Natural Histories

photograph of a Sunda Pangolin


Potamochoerus lavatus


The bushpig is a wild pig species with a stout, round body, short legs and shaggy, bristly hair that can vary from reddish-brown to gray-brown and even black. Generally this species has a black head with a body of a different color; the colors vary within ages, individuals, sexes and populations. The hair along the spine is more erectile and longer than the hairs of other parts of the body, resembling a mane. There are tassels of hair at the tips of the ears and the end of the tail has a tuft of coarse hair. Young have brown and yellow stripes which fade after several months. The lower tusks of this animal are very sharp, directed upward and outward and can grow to be 7cm while the upper tusks are much smaller and barely visible. Sexual dimorphism (difference between males and females) exists within this species; males have a bony ridge and warts on their snout. Bushpigs can weigh between 54 and 115 kilograms and 100- 150 cm long.


Bushpigs can be found from Somalia to eastern and south to former Zaire, and Natal South Africa. This species can survive in a variety of habitats including gallery forests, flooded forests, swamplands, woodlands, cultivated areas and mixed scrub areas. They are found in a wide range of elevations from sea level to 4,000 m above sea level. This species prefers to take shelter in dense vegetation.

Feeding Behavior and Diet

Bushpigs consume plant roots, rhizomes, bulbs, tubers, insects and a variety of invertebrates, carrion and small vertebrates. “Wallowing” an activity of searching for food in the ground by using their snout as a spade, is the most frequently observed activity of the bushpig. Boars aggressively defend feeding areas by driving other boars off the feeding area. They are often seen following monkeys which drop uneaten fruit to the ground within reach of the bushpig.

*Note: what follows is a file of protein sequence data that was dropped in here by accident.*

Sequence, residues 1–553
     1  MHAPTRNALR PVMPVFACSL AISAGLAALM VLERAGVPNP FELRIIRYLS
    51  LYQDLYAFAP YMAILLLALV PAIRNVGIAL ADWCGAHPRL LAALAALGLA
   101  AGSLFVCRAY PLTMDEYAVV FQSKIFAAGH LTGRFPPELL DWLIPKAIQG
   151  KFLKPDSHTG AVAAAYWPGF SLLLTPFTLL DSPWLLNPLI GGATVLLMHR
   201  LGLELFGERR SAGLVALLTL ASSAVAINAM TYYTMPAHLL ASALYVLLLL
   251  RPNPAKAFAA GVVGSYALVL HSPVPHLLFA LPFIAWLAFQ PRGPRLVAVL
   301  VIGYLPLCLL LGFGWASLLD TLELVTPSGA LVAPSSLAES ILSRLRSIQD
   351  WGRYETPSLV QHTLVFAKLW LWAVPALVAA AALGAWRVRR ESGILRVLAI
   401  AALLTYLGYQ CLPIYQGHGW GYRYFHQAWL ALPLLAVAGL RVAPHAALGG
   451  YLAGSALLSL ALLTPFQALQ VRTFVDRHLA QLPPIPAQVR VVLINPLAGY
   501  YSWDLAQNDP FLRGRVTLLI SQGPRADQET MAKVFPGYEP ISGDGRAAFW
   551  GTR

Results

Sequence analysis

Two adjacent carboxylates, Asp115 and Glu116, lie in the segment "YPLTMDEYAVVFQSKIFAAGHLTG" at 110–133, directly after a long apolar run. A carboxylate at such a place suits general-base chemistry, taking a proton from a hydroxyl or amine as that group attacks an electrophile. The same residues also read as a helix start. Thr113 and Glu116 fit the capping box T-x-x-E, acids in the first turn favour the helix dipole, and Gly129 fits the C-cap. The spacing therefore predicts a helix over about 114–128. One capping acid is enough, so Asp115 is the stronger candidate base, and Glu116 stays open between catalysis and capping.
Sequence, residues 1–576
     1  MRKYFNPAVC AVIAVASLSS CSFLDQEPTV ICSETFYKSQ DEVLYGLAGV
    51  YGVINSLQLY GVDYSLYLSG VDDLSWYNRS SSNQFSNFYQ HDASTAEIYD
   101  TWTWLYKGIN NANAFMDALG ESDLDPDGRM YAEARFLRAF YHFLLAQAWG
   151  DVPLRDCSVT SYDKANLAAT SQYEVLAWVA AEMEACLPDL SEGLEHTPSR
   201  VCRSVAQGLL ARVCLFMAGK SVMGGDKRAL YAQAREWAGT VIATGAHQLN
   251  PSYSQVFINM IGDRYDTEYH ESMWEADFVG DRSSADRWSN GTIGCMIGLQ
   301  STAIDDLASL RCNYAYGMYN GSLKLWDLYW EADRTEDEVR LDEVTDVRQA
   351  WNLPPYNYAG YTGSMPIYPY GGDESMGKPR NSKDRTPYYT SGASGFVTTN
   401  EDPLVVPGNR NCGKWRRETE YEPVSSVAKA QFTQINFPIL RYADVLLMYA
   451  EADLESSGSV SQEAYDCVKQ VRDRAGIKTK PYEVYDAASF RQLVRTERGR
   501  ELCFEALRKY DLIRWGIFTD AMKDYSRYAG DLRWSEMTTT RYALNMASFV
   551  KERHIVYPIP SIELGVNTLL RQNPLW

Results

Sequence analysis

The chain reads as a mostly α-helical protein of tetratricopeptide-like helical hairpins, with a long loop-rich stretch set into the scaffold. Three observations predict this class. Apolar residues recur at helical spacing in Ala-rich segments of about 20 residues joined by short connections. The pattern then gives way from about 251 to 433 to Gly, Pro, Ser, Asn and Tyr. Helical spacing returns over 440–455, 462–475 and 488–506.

This species is polygynous, where one male mates with multiple females. A male bushpig will compete with other males for groups of females by butting heads. 120-127 days after mating (generally before the rainy season) a female will go to a sheltered nest or hollow to give birth to 1-4 young and nurses the young for 2-4 months. The male (boar) leads an active role in rearing and defending young, dominant boars guard and lead the young to feeding areas. Young are driven away by the parents at 6 months of age. Bushpigs do not reach sexual maturity until 18-21 months.

Months and Times of Activity

This species is nocturnal (most active at night), but diurnal (daytime) activity increases during cooler months. During the rainy seasons and cooler periods, bushpigs will build nests. Bushpigs are sedentary and defend their territories aggressively.

Special Features, Stories, Relationships

  • There are three subspecies of bushpigs; P.l. hassama, P.l. somaliensis, and P.l. koiropotamus. The main division of these subspecies is between the white-faced bushpigs of eastern Africa and those of southern Africa and Madagascar.
  • Bushpigs are found in groups called “sounders”, groups of up to 12 individuals. They are very social animals as groups are led by one dominant male and female.
  • This species has easily adapted to human influences because they can survive on agricultural crops.
  • Children’s book featuring this animal: TUFTY the bushpig by Marian Clark


Carter, N. 2006. "Potamochoerus larvatus" (On-line), Animal Diversity Web. Accessed November 03, 2014 at